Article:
New Zealand Journal of Ecology (2012) 36(2): 210- 215

Quantification of mycorrhizal limitation in beech spread

Research Article
Ian A. Dickie 1,*
Murray Davis 2
Fiona E. Carswell 1
  1. Landcare Research, PO Box 40, Lincoln 7640, New Zealand
  2. Scion, PO Box 29237, Fendalton, Christchurch 8540, New Zealand
*  Corresponding author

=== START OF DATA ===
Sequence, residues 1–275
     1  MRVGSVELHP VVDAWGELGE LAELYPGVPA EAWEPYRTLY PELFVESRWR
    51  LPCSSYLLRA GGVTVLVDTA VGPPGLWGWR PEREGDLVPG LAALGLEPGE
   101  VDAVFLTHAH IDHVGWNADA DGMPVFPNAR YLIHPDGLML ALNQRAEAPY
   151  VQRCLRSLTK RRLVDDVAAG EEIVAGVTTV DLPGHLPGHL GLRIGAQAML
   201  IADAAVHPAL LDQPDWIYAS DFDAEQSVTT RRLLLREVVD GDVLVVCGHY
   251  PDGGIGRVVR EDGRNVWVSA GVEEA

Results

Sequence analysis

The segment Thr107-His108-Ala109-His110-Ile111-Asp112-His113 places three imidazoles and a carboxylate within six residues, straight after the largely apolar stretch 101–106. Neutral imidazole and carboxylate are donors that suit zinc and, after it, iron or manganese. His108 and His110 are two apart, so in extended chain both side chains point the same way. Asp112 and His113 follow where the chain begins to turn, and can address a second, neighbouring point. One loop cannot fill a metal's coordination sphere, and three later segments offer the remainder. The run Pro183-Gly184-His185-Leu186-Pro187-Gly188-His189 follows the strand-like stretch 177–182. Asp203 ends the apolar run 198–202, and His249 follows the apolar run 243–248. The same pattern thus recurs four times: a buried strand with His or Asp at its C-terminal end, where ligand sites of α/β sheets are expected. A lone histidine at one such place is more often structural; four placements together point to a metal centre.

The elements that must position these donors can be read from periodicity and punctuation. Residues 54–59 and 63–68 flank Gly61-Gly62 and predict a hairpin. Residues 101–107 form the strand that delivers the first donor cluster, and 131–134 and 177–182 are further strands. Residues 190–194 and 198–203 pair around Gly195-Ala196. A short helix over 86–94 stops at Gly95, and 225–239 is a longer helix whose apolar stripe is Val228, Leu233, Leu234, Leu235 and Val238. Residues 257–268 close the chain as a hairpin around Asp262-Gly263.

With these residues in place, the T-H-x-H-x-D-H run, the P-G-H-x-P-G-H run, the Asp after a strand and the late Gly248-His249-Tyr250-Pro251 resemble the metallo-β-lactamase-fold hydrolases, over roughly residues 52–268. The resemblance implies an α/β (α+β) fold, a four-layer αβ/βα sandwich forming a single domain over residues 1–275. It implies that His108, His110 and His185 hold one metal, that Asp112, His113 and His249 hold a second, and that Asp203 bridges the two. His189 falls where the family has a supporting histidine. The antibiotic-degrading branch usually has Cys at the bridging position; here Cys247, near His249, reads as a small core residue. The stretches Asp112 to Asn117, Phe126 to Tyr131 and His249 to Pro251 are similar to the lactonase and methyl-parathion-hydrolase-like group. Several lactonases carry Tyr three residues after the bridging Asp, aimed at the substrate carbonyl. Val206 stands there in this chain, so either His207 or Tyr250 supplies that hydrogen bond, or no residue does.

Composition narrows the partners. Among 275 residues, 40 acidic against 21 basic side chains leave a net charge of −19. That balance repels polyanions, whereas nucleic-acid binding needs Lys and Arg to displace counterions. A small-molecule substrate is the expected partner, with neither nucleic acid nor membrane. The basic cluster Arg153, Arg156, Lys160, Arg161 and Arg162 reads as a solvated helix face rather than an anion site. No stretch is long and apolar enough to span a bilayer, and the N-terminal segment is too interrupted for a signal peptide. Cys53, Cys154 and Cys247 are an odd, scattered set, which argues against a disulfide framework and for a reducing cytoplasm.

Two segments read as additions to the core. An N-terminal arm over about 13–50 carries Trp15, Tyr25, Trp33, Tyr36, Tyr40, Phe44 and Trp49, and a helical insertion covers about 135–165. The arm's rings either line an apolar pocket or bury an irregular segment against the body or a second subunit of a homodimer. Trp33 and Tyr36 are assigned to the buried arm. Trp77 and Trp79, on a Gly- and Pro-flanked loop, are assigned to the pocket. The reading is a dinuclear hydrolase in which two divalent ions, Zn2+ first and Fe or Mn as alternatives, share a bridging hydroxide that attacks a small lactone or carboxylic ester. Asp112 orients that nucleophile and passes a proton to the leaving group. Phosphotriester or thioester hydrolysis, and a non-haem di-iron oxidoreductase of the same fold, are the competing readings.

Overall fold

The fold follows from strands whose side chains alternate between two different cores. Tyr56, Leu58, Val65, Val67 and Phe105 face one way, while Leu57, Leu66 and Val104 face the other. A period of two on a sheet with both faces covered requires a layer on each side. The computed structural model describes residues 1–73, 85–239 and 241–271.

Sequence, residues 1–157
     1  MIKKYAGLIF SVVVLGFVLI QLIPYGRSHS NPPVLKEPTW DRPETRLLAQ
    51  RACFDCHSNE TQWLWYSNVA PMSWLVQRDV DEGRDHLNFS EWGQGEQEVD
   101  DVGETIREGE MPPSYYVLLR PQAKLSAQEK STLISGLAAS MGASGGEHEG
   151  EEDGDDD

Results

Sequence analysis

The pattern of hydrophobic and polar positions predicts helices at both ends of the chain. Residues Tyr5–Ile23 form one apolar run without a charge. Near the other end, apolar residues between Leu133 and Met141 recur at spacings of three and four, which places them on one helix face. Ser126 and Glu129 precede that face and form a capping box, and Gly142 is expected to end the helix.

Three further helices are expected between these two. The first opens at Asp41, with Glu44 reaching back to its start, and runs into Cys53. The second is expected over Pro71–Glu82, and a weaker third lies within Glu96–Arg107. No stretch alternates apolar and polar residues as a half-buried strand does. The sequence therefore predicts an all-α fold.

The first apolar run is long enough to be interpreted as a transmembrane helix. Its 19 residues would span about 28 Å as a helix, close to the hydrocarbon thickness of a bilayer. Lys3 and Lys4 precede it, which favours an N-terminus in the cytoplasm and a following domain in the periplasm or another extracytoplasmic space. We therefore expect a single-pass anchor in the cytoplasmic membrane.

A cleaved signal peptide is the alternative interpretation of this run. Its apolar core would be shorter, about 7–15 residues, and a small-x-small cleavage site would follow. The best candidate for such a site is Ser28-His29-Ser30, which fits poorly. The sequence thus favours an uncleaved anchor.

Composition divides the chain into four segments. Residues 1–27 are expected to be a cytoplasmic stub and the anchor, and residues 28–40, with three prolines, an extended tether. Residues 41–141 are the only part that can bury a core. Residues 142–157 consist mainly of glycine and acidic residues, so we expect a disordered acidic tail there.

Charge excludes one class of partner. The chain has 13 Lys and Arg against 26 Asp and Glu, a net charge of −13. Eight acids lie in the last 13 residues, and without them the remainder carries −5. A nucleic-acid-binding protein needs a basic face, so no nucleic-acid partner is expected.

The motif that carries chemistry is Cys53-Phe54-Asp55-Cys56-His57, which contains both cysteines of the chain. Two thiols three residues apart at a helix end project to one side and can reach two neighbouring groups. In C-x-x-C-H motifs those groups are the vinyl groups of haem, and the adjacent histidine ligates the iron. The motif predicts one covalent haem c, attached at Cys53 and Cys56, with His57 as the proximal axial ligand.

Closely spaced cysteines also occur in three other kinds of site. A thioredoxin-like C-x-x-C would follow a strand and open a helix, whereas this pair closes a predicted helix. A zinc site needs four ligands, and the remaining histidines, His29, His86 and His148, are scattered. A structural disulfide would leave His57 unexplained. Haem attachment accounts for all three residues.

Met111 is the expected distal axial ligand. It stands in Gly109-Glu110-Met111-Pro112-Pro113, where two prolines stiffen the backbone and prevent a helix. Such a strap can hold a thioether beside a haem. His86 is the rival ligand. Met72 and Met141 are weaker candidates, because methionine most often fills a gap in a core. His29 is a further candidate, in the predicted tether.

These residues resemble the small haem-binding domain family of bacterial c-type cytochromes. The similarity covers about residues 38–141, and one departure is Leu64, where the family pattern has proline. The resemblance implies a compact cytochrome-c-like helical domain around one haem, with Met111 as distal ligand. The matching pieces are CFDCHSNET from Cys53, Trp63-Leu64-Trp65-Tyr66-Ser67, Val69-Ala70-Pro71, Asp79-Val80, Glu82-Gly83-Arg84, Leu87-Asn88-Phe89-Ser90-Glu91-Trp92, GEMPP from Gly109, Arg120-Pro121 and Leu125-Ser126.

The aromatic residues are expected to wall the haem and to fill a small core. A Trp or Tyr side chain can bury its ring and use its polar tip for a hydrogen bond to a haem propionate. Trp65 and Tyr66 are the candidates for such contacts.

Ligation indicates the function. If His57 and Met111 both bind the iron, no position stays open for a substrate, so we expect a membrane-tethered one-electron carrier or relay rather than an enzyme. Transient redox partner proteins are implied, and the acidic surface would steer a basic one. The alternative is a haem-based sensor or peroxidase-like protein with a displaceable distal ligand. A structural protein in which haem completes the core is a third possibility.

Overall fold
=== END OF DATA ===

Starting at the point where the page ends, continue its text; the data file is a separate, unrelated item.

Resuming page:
Establishment of Nothofagus spp. into grasslands can be limited by a lack of ectomycorrhizal inoculum, but the degree of mycorrhizal inoculum limitation and how far mycorrhizal inoculum spreads from forest edges has not been quantified. Further, it has been hypothesised, but not confirmed, that established Kunzea ericoides (a native Myrtaceae tree with both ectomycorrhizal and arbuscular mycorrhizal associations) could serve as an alternative host for ectomycorrhizal fungi and thus facilitate mycorrhizal infection of Nothofagus. To confirm and quantify these hypotheses, first we used an ex situ, intact-soil-core bioassay of soils collected near Nothofagus solandri var. cliffortioides forest, near established Kunzea, and in grassland distant from trees of either species. Second, we collected soils along transects of increasing distance from Nothofagus forest into adjacent grasslands. Mycorrhizal infection of Nothofagus solandri var. cliffortioides seedlings was high in soils from Near-Nothofagus and Near-Kunzea (74% and 67% of root tips, respectively) and lower in soils Distant from trees (28% of root tips). Seedlings in soils from Near-Nothofagus also had 3.4× greater biomass than those in soils Distant from trees. In the transects, mycorrhizal infection declined in a stepwise fashion at approximately 16 m distance from the forest edge, and seedling biomass was positively correlated with mycorrhizal infection. These data confirm that a lack of mycorrhizal inoculum can limit seedling establishment and show that Kunzea can provide an alternative host for Nothofagus-compatible mycorrhizal inoculum. Further, they provide quantitative data for spatially explicit models of woody establishment. Forty percent of seedlings in soils collected distant from trees had greater than 20% infection, suggesting that a lack of mycorrhizal inoculum is not a complete barrier to woody establishment, but instead may act as one of multiple environmental filters slowing beech spread.